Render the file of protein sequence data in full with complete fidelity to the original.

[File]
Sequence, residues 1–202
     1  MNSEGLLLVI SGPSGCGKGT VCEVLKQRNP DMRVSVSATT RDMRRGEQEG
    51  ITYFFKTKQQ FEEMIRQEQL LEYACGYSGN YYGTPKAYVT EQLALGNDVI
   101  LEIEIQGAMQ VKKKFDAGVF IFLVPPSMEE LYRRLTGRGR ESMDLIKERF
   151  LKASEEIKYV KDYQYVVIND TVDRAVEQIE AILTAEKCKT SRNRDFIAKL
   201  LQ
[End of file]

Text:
Sequence, residues 1–202
     1  MNSEGLLLVI SGPSGCGKGT VCEVLKQRNP DMRVSVSATT RDMRRGEQEG
    51  ITYFFKTKQQ FEEMIRQEQL LEYACGYSGN YYGTPKAYVT EQLALGNDVI
   101  LEIEIQGAMQ VKKKFDAGVF IFLVPPSMEE LYRRLTGRGR ESMDLIKERF
   151  LKASEEIKYV KDYQYVVIND TVDRAVEQIE AILTAEKCKT SRNRDFIAKL
   201  LQ